If you didn’t vote you can still complain

Vote Sept 20The day after National’s resounding electoral victory, social media was awash with people blaming nonvoters for National’s victory. News feeds expressing sentiments like, “What’s wrong with you people?” came quick and fast.

Martyn Bradbury from the Daily Blog epitomizes this,

“I was wrong, horribly, horribly, horribly wrong. I honestly believed that the resources, the media attention, the vile toxic politics exposed by Dirty Politics and the mass surveillance lies would have seen NZers turn against Key.  I thought 250 000 children in poverty, the lack of economic strategy beyond rebuilding from an earthquake and crony capitalism would sink Key.

It didn’t, people rallied around him and gave John Key his largest victory ever. I am speechless. I thought New Zealanders would react angrily at seeing the real Key, they didn’t.”

As if people voting needed Bradbury’s tick of approval!

It’s the political system that needs to be questioned, not the one million nonvoters. Blaming “New Zealanders” for National winning is an implicit anti-working class and elitist argument. The nonvoters in 2011, according to Statistics NZ, were more likely to be young, poor, or recent migrants. If political parties failed to engage ordinary people sufficiently to win their vote then it is those parties that are to blame.

There’s a reason why people feel disengaged from politics. People sense like that their vote won’t count to change anything.

New Zealand is not an anomaly when it comes to declining voter numbers. Around the advanced capitalist world there has been a long-term decline in voter turnout. There’s also been a decrease in the numbers who belong to political parties, National or Labour.

A decline in trade union membership is also significant. Unions have traditionally been the organs to fight back against the bosses’ agenda, show solidarity and mobilise for movements of the oppressed and social change. But now, unions in general are in a far weaker position than ever before. The historically low strike rates in this country despite worsening work conditions and pay are symptomatic of this. Moreover, within the unions the rank and file are not nearly as active as they used to be.

With all this, is it any wonder that people feel detached from elections and parliamentary democracy?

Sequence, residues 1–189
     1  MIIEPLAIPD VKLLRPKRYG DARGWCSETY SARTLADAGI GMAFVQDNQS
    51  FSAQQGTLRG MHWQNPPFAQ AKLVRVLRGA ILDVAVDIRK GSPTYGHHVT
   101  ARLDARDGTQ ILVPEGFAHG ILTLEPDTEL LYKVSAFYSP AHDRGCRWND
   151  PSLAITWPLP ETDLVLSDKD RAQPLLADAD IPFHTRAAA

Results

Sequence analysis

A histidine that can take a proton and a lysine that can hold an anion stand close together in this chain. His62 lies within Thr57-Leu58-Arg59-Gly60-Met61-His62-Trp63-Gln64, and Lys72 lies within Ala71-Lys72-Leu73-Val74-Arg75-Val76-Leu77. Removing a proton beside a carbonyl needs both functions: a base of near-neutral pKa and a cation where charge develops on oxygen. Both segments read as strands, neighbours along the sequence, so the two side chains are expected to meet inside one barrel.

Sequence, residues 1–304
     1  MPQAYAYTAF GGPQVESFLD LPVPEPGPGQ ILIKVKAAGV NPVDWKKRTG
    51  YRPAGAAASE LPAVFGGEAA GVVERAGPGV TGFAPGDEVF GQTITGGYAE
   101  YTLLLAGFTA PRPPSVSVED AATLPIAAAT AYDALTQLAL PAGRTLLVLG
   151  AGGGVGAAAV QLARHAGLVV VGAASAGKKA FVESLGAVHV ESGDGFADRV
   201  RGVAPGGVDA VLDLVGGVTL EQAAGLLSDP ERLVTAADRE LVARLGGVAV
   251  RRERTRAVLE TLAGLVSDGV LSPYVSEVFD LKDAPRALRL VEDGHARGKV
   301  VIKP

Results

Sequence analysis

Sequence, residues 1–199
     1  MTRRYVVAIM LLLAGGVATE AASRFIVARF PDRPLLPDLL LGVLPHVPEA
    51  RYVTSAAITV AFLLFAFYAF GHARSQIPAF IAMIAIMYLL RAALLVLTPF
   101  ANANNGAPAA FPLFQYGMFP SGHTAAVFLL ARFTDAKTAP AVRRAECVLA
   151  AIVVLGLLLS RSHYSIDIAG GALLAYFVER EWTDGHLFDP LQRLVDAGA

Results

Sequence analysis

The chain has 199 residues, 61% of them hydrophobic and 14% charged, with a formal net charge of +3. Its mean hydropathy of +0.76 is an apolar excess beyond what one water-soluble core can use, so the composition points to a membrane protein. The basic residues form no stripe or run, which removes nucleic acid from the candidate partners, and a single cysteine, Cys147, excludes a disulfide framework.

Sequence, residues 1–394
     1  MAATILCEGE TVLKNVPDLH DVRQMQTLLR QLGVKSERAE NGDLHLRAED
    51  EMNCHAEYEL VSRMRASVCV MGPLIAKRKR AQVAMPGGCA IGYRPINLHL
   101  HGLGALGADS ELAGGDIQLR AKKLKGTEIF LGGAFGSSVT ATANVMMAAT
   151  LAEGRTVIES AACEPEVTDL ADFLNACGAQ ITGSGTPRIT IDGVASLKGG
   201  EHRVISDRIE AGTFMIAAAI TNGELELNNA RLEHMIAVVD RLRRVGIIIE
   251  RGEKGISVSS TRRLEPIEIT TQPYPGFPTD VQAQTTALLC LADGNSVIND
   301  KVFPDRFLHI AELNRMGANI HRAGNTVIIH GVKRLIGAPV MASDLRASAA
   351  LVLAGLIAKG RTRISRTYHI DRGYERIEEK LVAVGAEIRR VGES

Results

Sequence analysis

Author of Dirty Politics Nicky Hager commented that, “Negative politics often results large groups of people turning off politics and falling voter turnout. This was one of the results in Saturday’s election. Right-wing parties bet that the people turned off voting are are more likely to support their opponents.”

But there’s more to it than this. Crucial to John Key’s success has also been the ‘anti-politics’ of his Mr. Nice Guy image that National have promoted. Instead of the opposition campaigning hard against National’s anti-worker platform, the Labour and Greens have promoted slogans equally inane. What do campaign slogans like “Vote Positive” or “Love New Zealand” mean? Even the union-sponsored Get Out and Vote avoided politics. The differences between the two major parties – based on their inane main slogans – are hard to make out.

None of these slogans suggest that there is social crisis in New Zealand or that a genuine alternative future is desirable. There is no real contestation of ideas, no real presentation of an alternative.

In the weeks leading up to the vote the Electoral Commission spent large amounts of money on an advertising campaign encouraging people to vote. Your vote counts as much as anyone else’s, the message ran; you are the most powerful person in the country. All non-prisoner citizens have a vote, to be sure; but does that make each of us as powerful as the next person?

In one sense, the one million nonvoters recognized something essential about the system. Their vote was not as important as the tools held by the rich and powerful. The vote of an unemployed mother on the DPB wields no power compared to the wheeling and dealing in the boardrooms by politicians and business people. Peter Jackson meeting up with John Key to change the work laws is a case in point. The voices, money and capital of the rich and powerful matter far more than the votes of the rest of us. Whoever is in government, they are in power.

This is an absolute outrage. Thinking about why it is the case – and how we change this state of affairs – isn’t helped by blaming ordinary people for National’s win.

The one million nonvoters have every right to complain.

Shomi Yoon

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